Think Arab Spring. Think 1930s Germany. Think feudal England. We humans have natural tendencies to madness, foremost of which is the need for an enemy.

Those who went before us envisioned a fairer world in which human beings – by birthright – could be defined beyond class, beyond religion, beyond fanaticism – this nation is their gift to us.

I for one will work with what we have to fine tune the model.

 June 13, 2012  Tagged with: ,  No Responses »
Apr 272012
 

SAN DIEGO – LA – EL PASO

The Rio Grande.

Who’d have thought the Rio Grande would be a puddle?

Tell me that brown blink-and-you-miss-it pool outside the train window is not the Rio Grande!

And who’d have thought those bright patches of sunlit white at the top of the hills in Arizona really was snow?

For fifteen hours I have rattled my way across the southern border of the United States of America, most of it in darkness bookended by a small brown river and glacial snow.

Everything I know about El Paso I have learned from songs, movies and stories.

In Australia it is a Mexican food line.

In my current reality, perched at the counter at Starbucks milking free internet alongside the locals, it is a wide clean town filled with people who don’t see strangers very often.

I don’t know what it is about me that declares stranger like a neon light, because I haven’t had a chance to open my mouth, but heads swivel on the street and they wave and grin.

I’ve only been here five minutes. I’m exaggerating – I’ve been here long enough for the wonderful Sylvia to cook me a Mexican breakfast and her husband Jim to offer to take me out to a cavern in the desert tomorrow.

Across the fence, and this time I really do mean a stone’s throw away, is Mexico. Lars who invited me to the game last night warned me not to go there.

‘They’ll shoot you just for bein’ white,’ he said.

By ‘they’ he meant the drug lords and cartel hooligans waging a war on the streets of Juarez, apparently one of the most dangerous cities in Mexico.

I was reminded of walking through the Balkans, where we heard different versions of this story from tip to tail, the locals warning us against visiting their neighbours.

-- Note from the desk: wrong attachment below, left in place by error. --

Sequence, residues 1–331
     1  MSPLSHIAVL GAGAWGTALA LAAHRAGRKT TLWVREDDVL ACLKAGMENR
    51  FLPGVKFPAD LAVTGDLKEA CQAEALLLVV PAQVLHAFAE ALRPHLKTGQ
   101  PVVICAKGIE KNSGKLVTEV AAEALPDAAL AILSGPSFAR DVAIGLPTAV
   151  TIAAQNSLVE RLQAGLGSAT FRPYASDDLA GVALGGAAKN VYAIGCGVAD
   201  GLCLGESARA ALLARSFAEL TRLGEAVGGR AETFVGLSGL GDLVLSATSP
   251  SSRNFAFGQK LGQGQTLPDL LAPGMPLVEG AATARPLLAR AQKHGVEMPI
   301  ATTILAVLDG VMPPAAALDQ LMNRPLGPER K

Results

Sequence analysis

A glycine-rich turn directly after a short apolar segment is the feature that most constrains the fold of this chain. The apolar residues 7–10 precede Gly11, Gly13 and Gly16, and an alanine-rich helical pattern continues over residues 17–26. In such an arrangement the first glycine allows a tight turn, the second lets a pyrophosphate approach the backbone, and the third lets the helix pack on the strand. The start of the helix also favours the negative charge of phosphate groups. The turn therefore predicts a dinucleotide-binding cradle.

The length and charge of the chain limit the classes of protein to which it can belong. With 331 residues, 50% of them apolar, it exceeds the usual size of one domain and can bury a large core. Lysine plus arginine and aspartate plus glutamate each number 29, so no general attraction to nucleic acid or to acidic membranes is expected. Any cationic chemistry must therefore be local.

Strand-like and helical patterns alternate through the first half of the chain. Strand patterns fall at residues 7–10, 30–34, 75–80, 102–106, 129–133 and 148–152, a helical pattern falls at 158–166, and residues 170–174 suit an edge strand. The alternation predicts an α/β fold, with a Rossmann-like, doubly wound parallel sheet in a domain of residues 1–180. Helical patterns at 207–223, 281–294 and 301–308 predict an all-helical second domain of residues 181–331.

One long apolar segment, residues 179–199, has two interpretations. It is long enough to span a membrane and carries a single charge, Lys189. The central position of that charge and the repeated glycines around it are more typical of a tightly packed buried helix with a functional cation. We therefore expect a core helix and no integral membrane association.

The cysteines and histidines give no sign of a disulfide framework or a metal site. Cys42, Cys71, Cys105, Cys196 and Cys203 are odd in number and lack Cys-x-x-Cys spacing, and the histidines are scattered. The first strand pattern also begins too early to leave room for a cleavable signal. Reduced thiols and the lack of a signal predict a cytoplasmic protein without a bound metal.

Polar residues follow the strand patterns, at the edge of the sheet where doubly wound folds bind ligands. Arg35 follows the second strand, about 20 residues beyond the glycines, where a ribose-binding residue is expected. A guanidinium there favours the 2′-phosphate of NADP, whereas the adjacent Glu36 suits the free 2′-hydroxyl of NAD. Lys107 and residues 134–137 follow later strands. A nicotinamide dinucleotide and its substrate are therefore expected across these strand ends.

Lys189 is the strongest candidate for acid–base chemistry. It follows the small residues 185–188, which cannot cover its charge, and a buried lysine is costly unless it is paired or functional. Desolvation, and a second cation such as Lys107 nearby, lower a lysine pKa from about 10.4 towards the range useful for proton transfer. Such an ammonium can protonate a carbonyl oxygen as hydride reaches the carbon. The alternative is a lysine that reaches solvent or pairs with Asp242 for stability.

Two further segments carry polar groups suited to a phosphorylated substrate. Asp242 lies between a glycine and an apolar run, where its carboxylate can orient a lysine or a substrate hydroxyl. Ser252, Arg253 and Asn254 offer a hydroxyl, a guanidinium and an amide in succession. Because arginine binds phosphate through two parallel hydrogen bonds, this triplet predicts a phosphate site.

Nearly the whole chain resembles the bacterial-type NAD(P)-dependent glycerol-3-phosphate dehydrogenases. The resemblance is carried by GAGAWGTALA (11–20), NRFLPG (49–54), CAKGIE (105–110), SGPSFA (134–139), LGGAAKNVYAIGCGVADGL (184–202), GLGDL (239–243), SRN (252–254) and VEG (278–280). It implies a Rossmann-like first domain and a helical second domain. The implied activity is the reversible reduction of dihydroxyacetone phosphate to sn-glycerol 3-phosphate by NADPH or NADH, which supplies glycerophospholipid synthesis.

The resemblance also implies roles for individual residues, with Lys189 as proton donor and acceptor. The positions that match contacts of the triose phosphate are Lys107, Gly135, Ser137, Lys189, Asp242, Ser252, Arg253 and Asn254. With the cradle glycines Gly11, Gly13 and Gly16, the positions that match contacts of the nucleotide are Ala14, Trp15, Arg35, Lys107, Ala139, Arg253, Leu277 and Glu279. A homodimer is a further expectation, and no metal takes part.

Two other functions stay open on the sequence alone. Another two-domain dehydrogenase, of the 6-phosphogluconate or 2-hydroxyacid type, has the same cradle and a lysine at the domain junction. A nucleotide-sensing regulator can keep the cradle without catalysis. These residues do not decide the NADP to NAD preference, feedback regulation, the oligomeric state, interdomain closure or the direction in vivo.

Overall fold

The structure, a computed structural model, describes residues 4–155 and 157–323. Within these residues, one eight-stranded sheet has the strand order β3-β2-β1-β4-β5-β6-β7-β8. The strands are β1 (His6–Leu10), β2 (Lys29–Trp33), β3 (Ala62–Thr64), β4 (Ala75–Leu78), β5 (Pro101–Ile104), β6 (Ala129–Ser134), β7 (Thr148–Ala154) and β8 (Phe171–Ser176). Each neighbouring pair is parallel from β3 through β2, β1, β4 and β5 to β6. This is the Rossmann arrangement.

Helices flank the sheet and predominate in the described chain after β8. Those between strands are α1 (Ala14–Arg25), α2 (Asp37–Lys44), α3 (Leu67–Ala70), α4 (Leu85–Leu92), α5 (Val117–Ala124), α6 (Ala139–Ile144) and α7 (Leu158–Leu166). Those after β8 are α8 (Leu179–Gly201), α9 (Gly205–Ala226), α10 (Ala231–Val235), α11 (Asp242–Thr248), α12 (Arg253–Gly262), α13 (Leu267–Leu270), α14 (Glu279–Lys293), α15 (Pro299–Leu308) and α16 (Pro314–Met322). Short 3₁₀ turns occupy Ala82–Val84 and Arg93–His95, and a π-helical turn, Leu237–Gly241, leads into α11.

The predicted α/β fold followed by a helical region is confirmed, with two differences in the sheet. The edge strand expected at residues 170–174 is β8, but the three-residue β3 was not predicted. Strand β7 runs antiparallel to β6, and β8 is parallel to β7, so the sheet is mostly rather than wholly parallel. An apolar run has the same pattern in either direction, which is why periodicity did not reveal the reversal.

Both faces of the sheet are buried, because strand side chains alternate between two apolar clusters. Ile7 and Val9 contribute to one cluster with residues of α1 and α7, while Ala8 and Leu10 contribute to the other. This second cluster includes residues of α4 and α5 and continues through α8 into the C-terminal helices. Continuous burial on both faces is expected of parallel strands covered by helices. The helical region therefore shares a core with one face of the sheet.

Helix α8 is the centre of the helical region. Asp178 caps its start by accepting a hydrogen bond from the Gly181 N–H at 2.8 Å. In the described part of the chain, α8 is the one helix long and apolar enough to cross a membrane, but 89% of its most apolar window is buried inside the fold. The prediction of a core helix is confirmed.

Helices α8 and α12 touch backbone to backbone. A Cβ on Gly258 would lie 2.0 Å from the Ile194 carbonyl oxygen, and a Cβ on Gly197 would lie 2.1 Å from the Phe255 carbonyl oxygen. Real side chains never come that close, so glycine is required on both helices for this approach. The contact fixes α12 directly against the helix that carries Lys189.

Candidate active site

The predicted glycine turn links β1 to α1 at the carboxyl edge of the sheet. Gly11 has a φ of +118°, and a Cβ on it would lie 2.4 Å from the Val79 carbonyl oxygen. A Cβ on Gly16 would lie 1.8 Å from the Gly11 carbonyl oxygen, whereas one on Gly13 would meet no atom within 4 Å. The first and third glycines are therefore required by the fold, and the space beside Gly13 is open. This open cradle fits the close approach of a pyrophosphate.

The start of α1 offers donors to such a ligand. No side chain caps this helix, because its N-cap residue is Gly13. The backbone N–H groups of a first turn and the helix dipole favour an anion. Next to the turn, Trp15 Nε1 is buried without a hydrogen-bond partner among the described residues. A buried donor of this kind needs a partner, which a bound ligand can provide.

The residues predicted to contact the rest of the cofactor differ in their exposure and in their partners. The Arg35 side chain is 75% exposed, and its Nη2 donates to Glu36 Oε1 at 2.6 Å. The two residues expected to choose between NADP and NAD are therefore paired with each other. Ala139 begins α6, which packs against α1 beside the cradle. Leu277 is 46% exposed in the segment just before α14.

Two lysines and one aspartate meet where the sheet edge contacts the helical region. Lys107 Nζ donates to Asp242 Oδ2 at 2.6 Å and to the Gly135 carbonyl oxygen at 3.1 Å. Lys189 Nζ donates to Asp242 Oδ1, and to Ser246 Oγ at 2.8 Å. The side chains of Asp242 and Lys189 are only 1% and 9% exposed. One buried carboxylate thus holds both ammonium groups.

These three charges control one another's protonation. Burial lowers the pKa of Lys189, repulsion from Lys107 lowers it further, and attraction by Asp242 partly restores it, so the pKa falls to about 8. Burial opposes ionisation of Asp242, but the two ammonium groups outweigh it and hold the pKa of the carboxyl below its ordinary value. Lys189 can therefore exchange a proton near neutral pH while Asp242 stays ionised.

On the train back to LA an elderly woman’s eyes just about popped outa her head when I said I was going to El Paso, before she spluttered another warning about crossing the border.

And George, a near blind man who won this year’s LA Times biography prize, seated two seats up on the train that took us through the night to El Paso. He lives in Los Cruces, just up the road, and his last words were a reminder not to cross the border to Juarez.

What’s a woman to do?

I decided to wait and see.

When I was walking through the Balkans my head was wild and my body frozen with stories. It pleases me that fearful stories about other people no longer shape my world.

El Paso.

Ghost of childhood Saturday afternoons spent watching old Westerns on TV.

The desert.

The train (the Sunset #2 and the Texas Eagle #422 to be exact).

Bandits with red triangles plastered on their faces ridin’ down from them there hills.

It took a while before we left behind those stupid palm trees tickling the sky in southern California – I reckon they’re no more native than the gum trees along the line to San Diego.

The train steams east, retracing the tracks of the pioneers.

People go on and on and on about how internet changed the world like never before. Try tellin’ that to those who envisioned a railroad coast to coast. Or a telephone network hookin’ up the world.

To the people of the 19th century it was just as big. Just as exciting. Just as pioneering. Just as big an opening to a whole new world of possibilities previously undreamed.

There’s big sky out there. Big sky. I’m Australian. We too have big sky.

I try to picture what the world looked like before.

What and where were the animals?

The people?

Just like Australia, a history of hate took this land. Yet that is the agony of hindsight speaking, the outcome of a mission that was true not for all, perhaps even not for most.

All I have to do is put myself inside the heart of any human being from any time or culture, native or settler, and I can feel their courage, their spirit, their dreams, their vision for a new world, all layered each upon the other, rights and wrongs and outrageous improprieties committed in the name of righteousness and the need to settle somewhere else.